Even when Lillian was away, the work of the orphanage went on. The big girls cooked and took care of the little children while the boys made chairs to sell in town.

In those days the country of Egypt was trying to gain its independence from England. One Spring, fighting broke out in the town where Lillian lived with her children. Gunfire crackled all around, and many houses were burning. “Kill the Englishmen!” “Kill the Christians!” men shouted, and the sounds of battle were dangerously near.

Mamma Lillian calmly gathered her older children together. “Each one of you must carry two of the babies,” she told them, “and we will go hide in the brick kiln!”

Under cover of darkness, the nearly one hundred children slipped silently from their home and hurried to the empty brick factory. Lillian, her own arms full of babies, followed last. Inside the brick kiln, she counted her children.

“Oh, no!” she gasped. “Two are missing — two of the babies! I must go back to the house and get them.”

“Don’t, Mamma Lillian,” whimpered the older girls. “Don’t go out there! You will be killed!”

But the missionary was determined. “I must save the babies,” she whispered. Pray for me that God will keep me safe!” And she was off, sometimes running and sometimes crawling along the path to the orphanage.

“Stop!” came a sudden shout in the darkness. “Who’s that?” Shots rang out! They are after me, Lillian thought fearfully. Dropping to the ground, she rolled into a ditch and lay still. Running feet pounded along the path as soldiers searched for the unknown figure they had seen. Suddenly Lillian realized that she was not alone in the ditch! Close beside her lay the crumpled form of a dead soldier.

Nearer and nearer came the footsteps of the searchers, and Lillian prayed silently. All at once a heavy boot trampled her shoulder as a soldier stepped right on her in the darkness! Lillian held her breath. But the man seemed to think he had only stepped on the dead soldier, for he kept right on going!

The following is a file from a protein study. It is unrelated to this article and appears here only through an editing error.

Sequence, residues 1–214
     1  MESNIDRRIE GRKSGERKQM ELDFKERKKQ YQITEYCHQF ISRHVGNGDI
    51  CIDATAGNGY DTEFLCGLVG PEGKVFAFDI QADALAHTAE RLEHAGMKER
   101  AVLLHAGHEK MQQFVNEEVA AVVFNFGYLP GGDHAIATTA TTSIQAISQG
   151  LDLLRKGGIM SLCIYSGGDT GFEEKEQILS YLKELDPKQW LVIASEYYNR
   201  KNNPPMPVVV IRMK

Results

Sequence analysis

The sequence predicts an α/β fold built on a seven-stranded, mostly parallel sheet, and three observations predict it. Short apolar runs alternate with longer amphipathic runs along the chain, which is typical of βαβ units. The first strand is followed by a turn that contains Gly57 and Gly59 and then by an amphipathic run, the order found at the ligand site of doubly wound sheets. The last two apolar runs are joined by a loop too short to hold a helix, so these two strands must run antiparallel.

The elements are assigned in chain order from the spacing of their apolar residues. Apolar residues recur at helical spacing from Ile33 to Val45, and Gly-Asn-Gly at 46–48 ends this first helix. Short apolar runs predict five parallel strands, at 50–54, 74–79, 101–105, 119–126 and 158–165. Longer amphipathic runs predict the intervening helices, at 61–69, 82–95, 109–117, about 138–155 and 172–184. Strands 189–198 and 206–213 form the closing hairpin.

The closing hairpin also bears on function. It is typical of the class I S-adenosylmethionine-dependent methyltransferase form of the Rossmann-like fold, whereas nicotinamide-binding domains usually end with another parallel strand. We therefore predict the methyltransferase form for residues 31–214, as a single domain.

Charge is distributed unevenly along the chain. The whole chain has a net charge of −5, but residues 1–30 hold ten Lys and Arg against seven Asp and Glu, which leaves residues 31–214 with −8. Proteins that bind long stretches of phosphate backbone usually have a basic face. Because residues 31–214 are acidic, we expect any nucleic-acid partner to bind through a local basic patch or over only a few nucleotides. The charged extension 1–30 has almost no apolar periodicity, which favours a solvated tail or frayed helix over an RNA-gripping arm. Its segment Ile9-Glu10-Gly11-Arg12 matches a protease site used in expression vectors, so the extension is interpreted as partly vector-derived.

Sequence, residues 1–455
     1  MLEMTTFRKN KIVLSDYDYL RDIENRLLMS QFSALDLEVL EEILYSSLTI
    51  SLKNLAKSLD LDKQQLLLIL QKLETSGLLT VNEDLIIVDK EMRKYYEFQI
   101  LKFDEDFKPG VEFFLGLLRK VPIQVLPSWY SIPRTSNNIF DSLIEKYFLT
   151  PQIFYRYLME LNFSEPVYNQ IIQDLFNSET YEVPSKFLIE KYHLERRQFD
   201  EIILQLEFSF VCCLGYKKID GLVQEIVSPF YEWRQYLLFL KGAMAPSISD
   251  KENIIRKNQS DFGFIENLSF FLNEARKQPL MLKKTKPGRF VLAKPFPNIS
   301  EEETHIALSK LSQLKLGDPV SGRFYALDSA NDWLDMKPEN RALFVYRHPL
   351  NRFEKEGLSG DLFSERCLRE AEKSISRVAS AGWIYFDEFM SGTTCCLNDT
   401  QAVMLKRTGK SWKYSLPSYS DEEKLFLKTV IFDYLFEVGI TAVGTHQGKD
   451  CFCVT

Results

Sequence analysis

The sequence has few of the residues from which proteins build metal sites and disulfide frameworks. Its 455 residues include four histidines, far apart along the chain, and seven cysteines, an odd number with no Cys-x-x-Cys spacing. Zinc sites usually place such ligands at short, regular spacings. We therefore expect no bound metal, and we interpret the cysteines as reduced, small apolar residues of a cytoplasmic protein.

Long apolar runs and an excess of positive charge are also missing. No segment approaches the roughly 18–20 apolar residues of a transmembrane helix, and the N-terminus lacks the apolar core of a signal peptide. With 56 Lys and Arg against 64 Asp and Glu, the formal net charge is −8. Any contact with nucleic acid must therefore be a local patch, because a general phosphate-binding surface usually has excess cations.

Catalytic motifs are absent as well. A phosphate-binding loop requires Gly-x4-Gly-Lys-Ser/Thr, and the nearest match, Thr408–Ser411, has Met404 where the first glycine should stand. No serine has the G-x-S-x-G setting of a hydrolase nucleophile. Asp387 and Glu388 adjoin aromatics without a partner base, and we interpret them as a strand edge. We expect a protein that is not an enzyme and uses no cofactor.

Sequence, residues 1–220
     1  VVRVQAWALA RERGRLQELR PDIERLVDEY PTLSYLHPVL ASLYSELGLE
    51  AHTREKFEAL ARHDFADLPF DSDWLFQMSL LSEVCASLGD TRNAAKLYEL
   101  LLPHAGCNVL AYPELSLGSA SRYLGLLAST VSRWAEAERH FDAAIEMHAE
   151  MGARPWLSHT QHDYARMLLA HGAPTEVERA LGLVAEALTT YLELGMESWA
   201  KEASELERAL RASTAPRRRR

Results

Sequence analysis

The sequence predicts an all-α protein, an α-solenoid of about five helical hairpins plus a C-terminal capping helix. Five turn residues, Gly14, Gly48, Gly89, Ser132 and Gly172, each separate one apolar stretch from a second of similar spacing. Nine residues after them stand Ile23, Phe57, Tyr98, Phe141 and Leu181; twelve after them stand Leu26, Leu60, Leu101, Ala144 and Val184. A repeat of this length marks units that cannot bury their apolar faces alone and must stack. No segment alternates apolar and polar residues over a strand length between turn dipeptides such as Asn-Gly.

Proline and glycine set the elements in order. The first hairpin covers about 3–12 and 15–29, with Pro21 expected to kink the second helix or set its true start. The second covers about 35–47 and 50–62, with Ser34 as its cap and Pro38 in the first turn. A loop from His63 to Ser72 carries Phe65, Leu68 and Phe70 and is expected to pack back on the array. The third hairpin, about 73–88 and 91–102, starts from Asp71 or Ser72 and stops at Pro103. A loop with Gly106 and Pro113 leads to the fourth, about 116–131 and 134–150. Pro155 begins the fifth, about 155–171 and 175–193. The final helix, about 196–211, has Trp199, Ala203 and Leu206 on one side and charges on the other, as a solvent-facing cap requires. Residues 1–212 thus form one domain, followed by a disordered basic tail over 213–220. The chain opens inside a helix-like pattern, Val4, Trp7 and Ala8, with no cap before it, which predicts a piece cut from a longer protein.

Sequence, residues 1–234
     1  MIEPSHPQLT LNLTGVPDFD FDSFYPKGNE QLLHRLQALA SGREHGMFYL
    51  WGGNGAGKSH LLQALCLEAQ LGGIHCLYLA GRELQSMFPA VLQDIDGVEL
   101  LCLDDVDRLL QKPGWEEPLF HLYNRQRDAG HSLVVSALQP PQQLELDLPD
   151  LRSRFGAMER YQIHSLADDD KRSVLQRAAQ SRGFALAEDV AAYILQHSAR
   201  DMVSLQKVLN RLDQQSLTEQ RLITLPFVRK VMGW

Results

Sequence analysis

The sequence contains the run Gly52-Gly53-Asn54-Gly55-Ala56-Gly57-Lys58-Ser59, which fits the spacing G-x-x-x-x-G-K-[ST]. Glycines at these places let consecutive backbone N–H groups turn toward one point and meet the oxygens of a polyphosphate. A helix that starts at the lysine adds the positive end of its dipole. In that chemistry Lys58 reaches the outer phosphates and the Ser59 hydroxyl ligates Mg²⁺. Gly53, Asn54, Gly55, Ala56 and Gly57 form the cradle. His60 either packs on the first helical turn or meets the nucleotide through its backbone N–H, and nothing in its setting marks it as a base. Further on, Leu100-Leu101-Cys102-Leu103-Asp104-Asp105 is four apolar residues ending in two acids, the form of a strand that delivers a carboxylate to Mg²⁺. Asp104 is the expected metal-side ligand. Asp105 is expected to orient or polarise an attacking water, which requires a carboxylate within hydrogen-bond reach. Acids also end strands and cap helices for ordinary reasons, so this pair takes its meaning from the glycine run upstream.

Lying perfectly still, Lillian waited until the sound of boots and voices faded in the distance. Then, cautiously hugging the ground, she continued on. Quickly finding the two whimpering toddlers in their bedroom, she set out once more for the brick oven.

“Oh, Mamma Lillian! You’re back — thank God!” her older children cried out softly as the missionary sat down to rest on the earthen floor of the kiln.

“Yes, God kept me safe as you prayed,” the tired Lillian responded. “He is faithful.”

Historical Note: “Mamma Lillian” in this story was Lillian Trasher, an American missionary to Egypt in the early part of the 20th century. Her night-time escape to the brick kiln happened in 1919. Later that year Lillian had to leave Egypt, but she soon returned when the fighting was over, and the work of the orphanage went on.

In all, more than eight thousand children found a home at Lillian’s orphanage, where they were fed and clothed and taught to read the Bible. It is reported that every one of those 8,000 grew up to be good men and women.

To order this wonderful book, Missionary Stories with the Millers, please contact Don L. Martin at Green Pastures Press.

Email: greenpastures@emypeople.net

Phone 717-436-9119


Copyright 1993. All Rights Reserved. Published on this website by permission of Green Pastures Press. No part of this chapter may reproduced in any manner without written permission from the publisher.